said, that he had heard the speech of his right hon. and learned Friend with some surprise. The question before the House was that the Bill should be read a second time; but his right hon. and learned Friend had not used one single argument against the second reading, but had only discussed a number of things relating to the details of the Committee, and which it would be very proper to take into consideration while the Bill was in Committee. Upon several points to which his right hon. and learned Friend had referred, he had unfortunately been so obscure that he (the Lord Advocate) had been unable to catch his meaning, Some alterations in the law no doubt were proposed; but for the most part the remedies of the superiors were left much as before. The provision for abolishing services was not introduced by this Bill for the first time, for it would be found in the Bill of last year, and had been received with great approbation by all the legal bodies in Scotland.

Notice taken, that 40 Members were not present; House counted, and 40 Members being found present,


said, he thought the proposal of the Government conferred a great boon upon the feuars in simplifying their title and enabling them to convey property easily and cheaply. But the Bill itself was open to criticism, and would have to be much modified before it would meet the rights of the different interests involved.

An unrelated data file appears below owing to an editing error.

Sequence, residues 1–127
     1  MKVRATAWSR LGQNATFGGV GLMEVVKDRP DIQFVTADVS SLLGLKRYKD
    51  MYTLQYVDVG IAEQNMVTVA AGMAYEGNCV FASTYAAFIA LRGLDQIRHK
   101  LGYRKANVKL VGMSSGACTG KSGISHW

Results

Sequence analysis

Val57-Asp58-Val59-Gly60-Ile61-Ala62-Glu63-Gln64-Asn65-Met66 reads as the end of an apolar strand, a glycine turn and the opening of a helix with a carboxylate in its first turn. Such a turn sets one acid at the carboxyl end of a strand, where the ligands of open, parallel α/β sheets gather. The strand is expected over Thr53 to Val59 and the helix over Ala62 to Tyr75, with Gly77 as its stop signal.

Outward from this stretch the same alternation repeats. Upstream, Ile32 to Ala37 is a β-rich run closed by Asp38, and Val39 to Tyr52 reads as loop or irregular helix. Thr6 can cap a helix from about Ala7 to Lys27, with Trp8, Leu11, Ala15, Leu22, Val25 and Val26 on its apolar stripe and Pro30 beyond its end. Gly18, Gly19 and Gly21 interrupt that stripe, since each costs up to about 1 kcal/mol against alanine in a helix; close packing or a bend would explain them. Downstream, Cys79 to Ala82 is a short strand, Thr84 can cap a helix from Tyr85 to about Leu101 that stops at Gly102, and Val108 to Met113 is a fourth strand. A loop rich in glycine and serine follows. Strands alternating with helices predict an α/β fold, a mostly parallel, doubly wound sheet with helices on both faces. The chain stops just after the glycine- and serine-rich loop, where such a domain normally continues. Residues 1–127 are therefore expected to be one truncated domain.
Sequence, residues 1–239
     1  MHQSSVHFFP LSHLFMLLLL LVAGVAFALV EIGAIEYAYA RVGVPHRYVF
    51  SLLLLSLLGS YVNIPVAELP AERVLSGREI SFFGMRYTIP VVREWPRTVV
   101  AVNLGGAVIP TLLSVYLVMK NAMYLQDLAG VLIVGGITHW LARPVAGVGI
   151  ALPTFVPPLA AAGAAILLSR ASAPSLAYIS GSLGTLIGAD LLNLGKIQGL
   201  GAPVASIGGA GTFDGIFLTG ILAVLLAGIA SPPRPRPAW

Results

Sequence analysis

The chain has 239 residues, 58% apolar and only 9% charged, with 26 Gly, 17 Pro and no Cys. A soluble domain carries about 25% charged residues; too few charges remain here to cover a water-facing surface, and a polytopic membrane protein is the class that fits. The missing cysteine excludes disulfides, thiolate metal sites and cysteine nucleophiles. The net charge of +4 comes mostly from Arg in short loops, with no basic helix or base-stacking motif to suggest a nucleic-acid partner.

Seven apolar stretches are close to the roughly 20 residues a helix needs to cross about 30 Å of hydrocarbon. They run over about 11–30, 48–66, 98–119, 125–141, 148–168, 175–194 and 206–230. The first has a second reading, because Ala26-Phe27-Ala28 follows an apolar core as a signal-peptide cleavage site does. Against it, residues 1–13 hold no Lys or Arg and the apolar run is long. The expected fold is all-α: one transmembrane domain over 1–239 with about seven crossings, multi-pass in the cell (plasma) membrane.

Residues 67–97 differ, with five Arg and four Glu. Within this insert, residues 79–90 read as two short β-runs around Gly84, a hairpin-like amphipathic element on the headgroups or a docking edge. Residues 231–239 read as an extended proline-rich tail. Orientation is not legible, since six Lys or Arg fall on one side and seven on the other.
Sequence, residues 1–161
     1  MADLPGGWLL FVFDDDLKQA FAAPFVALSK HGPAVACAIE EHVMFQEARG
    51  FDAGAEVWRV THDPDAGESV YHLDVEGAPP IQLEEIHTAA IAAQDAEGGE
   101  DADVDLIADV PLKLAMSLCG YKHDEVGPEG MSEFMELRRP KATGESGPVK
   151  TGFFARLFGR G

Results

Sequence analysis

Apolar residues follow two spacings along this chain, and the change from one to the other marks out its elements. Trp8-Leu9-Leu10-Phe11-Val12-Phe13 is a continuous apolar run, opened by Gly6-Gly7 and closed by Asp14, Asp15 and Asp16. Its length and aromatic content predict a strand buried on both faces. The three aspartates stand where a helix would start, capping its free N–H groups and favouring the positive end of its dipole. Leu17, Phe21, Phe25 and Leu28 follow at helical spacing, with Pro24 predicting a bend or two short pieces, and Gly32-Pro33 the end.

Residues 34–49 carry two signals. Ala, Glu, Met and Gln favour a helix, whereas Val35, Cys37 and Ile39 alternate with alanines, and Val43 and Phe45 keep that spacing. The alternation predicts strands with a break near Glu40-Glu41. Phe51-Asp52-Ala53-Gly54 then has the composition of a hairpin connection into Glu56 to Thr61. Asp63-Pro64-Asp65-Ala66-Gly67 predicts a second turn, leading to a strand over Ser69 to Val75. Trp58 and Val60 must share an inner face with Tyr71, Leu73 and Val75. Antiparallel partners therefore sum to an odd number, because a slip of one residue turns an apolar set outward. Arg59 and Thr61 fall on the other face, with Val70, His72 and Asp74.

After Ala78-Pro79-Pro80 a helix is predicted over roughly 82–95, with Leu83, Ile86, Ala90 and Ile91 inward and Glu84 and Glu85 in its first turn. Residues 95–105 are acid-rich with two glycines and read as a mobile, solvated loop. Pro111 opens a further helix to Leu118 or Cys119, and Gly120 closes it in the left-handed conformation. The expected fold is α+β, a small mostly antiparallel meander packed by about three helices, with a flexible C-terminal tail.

complained that the Lord Advocate had abstained from any explanation of the provisions of the Bill, and gave notice that, if it should be read a second time, he would move that it be referred to a Select Committee.


thought that some change in the existing law was demanded by all Scotland. It seemed to him that the two Bills ran much alongside each other and he did not see why they might not be fused together in Committee of the Whole House without sending them to a Select Committee.


said, that he had originally intended to support the Bill, but within the last 24 hours he had received such strong representations from Scotland, that he intended to support the Motion for a Select Committee.


said, he was surprised to find the Scotch Members, who were ready to complain of the difficulty of finding time for the transaction of Scotch business, should be so anxious to see this Bill talked out. He hoped the House would support the second reading, and that they should not hear any more of going to a Select Committee upstairs. When they got into Committee of the Whole House, whatever Amendments were necessary could be made.

Motion agreed to.

Bill read a second time, and committed for Monday next.